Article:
CB: I don’t know. These sorts of generalizations make me uncomfortable. They made me uncomfortable when I was writing it and they still do. To some extent, yeah, it’s still there. Society has a great deal of power. Culture has a great deal of power. And you yourself don’t have very much. And you’re being tossed around by the forces of economic and other kinds of circumstances. That’s the way you’re going to feel. So yeah, it’s still there. Today is Monday the 30th, and we’re about to have a government shut down. And everybody’s blaming everybody else. And nobody is going to take responsibility for this. So yeah, it’s still a landscape of disavowal, I think. Have you watched Girls?


SL: I have not. But I have been told by many people to watch it.


CB: It’s a very interesting series, and it has a lot to say about this particular problem. The question in the series is who has power and who doesn’t, and who’s susceptible to being pushed around.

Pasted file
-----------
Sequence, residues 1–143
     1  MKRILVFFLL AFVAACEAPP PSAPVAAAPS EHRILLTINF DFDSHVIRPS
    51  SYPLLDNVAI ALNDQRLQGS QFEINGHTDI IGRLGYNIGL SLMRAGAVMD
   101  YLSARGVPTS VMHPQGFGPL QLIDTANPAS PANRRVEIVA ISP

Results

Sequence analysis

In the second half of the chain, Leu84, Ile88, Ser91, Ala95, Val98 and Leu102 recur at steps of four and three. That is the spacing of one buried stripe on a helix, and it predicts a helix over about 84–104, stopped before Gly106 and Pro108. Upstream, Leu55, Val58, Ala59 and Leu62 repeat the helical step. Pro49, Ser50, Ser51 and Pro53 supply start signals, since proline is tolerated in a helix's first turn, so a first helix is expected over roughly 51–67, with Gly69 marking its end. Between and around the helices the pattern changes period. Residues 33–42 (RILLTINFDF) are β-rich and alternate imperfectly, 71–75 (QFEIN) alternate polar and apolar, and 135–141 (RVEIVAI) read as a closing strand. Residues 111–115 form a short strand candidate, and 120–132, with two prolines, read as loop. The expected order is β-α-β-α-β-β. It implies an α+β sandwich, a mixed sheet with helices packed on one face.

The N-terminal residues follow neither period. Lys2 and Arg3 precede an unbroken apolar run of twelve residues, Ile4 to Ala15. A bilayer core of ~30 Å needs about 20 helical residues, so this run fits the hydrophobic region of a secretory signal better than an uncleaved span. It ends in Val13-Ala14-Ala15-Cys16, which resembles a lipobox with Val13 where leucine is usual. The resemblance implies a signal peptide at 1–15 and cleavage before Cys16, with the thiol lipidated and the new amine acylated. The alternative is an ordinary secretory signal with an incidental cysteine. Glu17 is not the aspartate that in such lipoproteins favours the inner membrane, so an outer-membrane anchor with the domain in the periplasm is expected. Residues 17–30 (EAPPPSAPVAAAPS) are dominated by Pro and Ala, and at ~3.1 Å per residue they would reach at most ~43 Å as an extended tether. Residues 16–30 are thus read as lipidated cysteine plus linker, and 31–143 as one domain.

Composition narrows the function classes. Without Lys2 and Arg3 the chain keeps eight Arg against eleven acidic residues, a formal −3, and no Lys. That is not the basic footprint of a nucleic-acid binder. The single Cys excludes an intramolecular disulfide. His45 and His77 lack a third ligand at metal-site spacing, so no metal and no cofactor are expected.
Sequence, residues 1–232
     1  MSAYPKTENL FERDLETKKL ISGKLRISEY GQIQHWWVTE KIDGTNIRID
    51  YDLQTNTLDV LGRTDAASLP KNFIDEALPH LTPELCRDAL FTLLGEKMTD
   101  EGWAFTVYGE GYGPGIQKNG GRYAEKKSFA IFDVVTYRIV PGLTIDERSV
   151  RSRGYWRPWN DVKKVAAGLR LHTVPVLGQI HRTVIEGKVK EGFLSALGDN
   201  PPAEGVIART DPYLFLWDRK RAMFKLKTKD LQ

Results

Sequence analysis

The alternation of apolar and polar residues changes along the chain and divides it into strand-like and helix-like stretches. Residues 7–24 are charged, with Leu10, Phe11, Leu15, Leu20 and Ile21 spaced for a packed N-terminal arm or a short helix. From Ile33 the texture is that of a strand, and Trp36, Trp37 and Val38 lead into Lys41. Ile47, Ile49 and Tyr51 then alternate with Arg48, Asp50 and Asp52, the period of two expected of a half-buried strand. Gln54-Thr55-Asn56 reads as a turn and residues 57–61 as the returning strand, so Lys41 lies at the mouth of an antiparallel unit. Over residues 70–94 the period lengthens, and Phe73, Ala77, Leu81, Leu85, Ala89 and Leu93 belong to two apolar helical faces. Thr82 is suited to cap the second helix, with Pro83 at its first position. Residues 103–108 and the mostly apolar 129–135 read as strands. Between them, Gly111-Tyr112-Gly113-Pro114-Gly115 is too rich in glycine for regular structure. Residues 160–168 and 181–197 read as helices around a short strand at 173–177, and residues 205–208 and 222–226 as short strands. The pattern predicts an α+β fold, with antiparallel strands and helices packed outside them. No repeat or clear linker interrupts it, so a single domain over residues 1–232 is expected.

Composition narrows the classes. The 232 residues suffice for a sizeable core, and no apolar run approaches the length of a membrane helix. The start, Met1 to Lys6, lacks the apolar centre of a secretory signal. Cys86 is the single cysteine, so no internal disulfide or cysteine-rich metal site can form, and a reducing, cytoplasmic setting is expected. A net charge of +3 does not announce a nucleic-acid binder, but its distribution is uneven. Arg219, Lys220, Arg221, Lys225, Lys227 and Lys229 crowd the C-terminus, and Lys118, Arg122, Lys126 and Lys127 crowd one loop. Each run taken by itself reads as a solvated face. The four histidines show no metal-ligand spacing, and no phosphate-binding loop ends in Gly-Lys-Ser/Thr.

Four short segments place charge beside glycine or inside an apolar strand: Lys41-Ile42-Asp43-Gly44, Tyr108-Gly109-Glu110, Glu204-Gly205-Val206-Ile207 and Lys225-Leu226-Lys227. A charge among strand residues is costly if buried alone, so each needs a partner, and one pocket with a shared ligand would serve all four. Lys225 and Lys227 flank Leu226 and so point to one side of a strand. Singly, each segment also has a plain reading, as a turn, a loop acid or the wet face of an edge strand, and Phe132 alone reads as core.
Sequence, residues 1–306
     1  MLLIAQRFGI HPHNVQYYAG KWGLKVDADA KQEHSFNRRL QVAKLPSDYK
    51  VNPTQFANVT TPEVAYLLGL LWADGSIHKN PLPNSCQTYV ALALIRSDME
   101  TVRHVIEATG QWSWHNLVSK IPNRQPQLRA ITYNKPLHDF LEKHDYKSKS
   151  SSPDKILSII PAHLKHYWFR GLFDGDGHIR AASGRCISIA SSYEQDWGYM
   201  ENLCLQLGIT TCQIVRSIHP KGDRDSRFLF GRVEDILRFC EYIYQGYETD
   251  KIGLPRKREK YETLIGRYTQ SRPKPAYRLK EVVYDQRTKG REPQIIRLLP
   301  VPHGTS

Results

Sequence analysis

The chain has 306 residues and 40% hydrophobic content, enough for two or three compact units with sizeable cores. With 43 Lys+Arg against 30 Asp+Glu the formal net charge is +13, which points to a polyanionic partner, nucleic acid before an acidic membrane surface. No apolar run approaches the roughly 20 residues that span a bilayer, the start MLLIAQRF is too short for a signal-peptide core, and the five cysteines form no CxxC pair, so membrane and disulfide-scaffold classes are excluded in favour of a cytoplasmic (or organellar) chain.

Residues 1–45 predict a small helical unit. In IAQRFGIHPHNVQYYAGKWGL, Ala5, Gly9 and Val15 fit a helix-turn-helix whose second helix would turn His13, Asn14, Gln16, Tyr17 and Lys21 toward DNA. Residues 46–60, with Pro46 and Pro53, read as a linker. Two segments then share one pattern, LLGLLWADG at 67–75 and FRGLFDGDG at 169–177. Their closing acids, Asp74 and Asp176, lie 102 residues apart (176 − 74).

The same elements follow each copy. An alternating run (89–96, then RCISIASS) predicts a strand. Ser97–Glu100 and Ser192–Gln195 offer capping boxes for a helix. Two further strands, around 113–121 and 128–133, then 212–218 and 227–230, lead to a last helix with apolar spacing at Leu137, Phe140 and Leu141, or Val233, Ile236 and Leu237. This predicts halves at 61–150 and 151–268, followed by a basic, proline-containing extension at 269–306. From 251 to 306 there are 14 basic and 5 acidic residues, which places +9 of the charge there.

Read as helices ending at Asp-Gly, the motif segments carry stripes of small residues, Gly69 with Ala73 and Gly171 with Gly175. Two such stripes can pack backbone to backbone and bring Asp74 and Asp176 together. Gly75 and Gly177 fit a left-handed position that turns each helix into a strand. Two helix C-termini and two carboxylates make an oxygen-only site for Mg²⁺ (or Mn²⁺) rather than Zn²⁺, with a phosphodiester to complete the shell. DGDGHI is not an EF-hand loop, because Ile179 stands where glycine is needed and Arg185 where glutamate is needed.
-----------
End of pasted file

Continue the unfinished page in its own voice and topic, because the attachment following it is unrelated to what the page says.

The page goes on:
SL: As I read all of these essays, they seemed very centered around a couple fundamental ideas. I think your essay “Stillness” got at a lot of them, and “The Inner Life of Objects.” And I think it’s an idea explored in The Art of Subtext — that there’s a life “beyond the veil” that animates the world around us but has been lost from sight and has been buried beneath the noise and the distraction. I guess the question that arises is how does the fiction writer convey that to the reader?


CB: Through the overtones and the undertones in a scene. The way the small details point to something that is almost visible. You know, the kind of vibration something gives off in a scene. I don’t think in fiction that you’re just reporting what happened. You’re reporting how it felt, as well as what happened. If you’re reporting how it felt, then you have to spend as much care as you can on the small details and what they aim to intimate.